Inside Job: Deep Space Design
Imagine packing up the old RV for a camp-out in … outer space.
Astronauts headed to NASA’s Artemis Gateway, a space station set to orbit the Moon in 2024, will be living tiny in their new quarters: the Habitation and Logistics Outpost (HALO). Northrop Grumman human factors expert Shawnette Adams, MSHFID ’14 and fellow engineers have been tasked with designing HALO to be intuitive — and safe. If all goes to plan, HALO will take the astronauts — including the next man, first woman and first person of color — one step closer to Mars.
Mind and Body Experience
Our team’s job is to ask, “How is a person going to complete this task?” for every aspect within HALO. Human factors helps us answer that question and many more by combining facets of psychology and engineering. The field requires an in-depth understanding of mental and physical capabilities and limitations of humans — how people think, behave and perceive their surroundings and why. Limitations such as physical size and strength and cognitive challenges are also addressed during the design process. The design team’s goal is to maximize HALO’s 11.8 cubic meters of usable space to be the most effective and efficient for the astronauts.
Up, Down, All Around
In space, there is no “down.” Water doesn’t drain. Feet aren’t indicators of foundation, as is true on Earth. So we have to think about the impact of many variables, such as the microgravity environment and the lack of earthly orientation cues. Astronauts will live in HALO for up to 30 days: exercising, conducting research, repairing and replacing hardware, and performing medical care. The team has to rethink simple tasks and flip them on their head.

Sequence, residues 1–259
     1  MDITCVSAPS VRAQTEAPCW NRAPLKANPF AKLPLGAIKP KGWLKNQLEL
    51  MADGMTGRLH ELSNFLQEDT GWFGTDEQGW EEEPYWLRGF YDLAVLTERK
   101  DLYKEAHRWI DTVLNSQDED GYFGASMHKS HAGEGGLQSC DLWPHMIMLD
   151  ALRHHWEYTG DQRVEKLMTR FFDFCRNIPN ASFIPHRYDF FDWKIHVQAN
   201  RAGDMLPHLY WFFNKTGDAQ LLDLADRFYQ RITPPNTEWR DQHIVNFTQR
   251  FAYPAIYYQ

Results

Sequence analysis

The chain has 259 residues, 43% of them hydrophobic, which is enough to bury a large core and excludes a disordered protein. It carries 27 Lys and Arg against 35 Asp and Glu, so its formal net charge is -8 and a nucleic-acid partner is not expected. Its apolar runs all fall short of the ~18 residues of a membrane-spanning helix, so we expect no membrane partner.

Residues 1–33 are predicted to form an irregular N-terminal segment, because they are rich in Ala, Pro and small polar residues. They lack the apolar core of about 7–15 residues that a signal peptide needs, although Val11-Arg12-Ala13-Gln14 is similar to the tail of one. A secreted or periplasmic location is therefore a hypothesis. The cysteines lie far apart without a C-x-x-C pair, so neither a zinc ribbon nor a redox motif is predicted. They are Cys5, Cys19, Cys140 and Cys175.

Mission: Safety and Completion
For each task the astronauts will need to perform, our teams asks: How quickly? In what order? Using which tools? Where in HALO will the task be performed? We’re also designing for survivability and maintainability. Astronauts in space can’t run to Home Depot. There’s no calling 911 for emergency fire or medical services. Habitability, safety and occupational health are critical aspects to ensure HALO is “human-rated.” This is a term implemented by NASA after the Challenger and Columbia accidents, ensuring that human spacecraft are failure tolerant and offer protection by allowing astronaut control should a failure occur.
The Human Factor
The human is what makes HALO. I enjoy the work, but I really enjoy the people. Our successes, our challenges, our growth as a team over time. It’s almost unfathomable to work on something so historic. I’m interacting directly with the astronauts who are going to be using this system, with the goal of helping them complete their missions and return to Earth safely. It’s a great honor and a privilege. One day when I retire, I’ll look back and say, “HALO! I was part of that! I was able to contribute to history and leave my mark.”